IYSSE meeting in Berlin discusses the Syrian war and the aims of German imperialism in the Middle East
15 December 2015
Last Wednesday, the International Youth and Students for Social Equality (IYSSE) launched its campaign for the student parliament at Humboldt University (HU) in Berlin, Germany with a series of lectures on the subject “Not another war! Scholarship, not war propaganda.”
“70 years after the end of World War II, the world is a powder keg,” reads the promotional flyer announcing the lectures. “The decision by the federal government to participate in the war in Syria marks a new stage in the return of German militarism, increasing the risk of another world war.”
Dozens of students and young workers filled the lecture room and carefully followed the first lecture by Johannes Stern, a member of the editorial board of the World Socialist Web Site, on the topic of “The Syrian War and the aims of German imperialism in the Middle East.”
In his introduction, Sven Wurm, the leader of the IYSSE group at Humboldt University and a member of the Student Parliament (StuPa), stressed that the war mission in Syria just approved by the Bundestag (parliament) was “not a short-term adventure,” but a turning point with far-reaching consequences. The IYSSE is participating in the StuPa elections on January 19-20 2016 to “oppose the drive towards war and to build an anti-war movement.” This requires “a precise knowledge of the central political and historical issues.”
“Germany is at once in the midst of war. And it is already clear that we are just at the beginning,” Stern said. In the current edition of news weekly Der Spiegel, defence minister von der Leyen spoke of a “long struggle,” and the former Bundeswehr (armed forces) Inspector General Harald Kujat raised the prospect of deploying 50,000 to 60,000 NATO soldiers as ground troops if the current strategy against the IS (Islamic State) failed.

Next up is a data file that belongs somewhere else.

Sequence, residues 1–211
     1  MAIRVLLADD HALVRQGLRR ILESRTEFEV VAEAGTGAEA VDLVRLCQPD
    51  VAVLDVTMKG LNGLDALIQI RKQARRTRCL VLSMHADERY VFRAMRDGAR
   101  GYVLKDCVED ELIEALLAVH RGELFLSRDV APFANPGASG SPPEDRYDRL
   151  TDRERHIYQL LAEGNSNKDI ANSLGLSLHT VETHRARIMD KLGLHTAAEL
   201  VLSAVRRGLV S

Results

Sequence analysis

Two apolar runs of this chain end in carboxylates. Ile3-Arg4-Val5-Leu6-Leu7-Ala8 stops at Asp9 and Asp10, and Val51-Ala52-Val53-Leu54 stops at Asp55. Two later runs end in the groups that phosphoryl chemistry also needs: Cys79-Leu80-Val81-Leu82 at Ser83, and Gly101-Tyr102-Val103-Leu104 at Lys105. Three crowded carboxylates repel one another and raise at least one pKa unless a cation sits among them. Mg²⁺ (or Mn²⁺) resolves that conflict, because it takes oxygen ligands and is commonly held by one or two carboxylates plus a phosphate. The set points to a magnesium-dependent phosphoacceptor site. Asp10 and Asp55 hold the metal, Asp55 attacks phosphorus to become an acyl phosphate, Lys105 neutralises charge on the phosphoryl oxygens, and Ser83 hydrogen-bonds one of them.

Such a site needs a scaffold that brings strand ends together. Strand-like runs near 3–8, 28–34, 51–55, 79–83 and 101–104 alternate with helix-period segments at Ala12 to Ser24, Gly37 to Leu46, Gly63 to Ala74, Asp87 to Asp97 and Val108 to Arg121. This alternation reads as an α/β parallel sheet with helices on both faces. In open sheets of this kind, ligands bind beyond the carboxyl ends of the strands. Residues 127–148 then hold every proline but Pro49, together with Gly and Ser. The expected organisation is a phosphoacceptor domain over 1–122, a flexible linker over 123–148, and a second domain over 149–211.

The haste with which the Bundestag agreed to the war mission in Syria had surprised many people. But it had been long prepared and was part of Germany’s return to aggressive foreign and great power politics, as announced by President Gauck and the federal government in early 2014.
Just one and a half years later, the German elites could barely keep their new “geopolitical power fantasies” under control, Stern said, referring to the “Schlüterhof Discussions” between the two Humboldt Professors Herfried Münkler and Jörg Baberowski last Monday. In his presentation, Münkler outlined the geographic area to which Germany’s new “realpolitik,” or rather war policy, must expand. It was the same as had stood in the focus of the German business associations, general staff and geo-strategists in the First and Second World War, Stern said.
“We have two post-imperial spaces that cause us worry,” quoting Münkler. “One goes from the Western Balkans to the Caspian Sea and the other is the entire Arab region.” The “major challenges of European stability and security” ranged “from the eastern Balkans to the Caucasus” and the “space between Mesopotamia and Libya, the Levant and the Indian Ocean,” to the “opposite shore of the Mediterranean and on the other side of the Sahara.”
Later in his presentation, Stern pointed to the historical continuity represented in the current German war policy in the Middle East. In the period before and during the First World War, the resource-rich and geo-strategically important region had played a central role for German imperialism.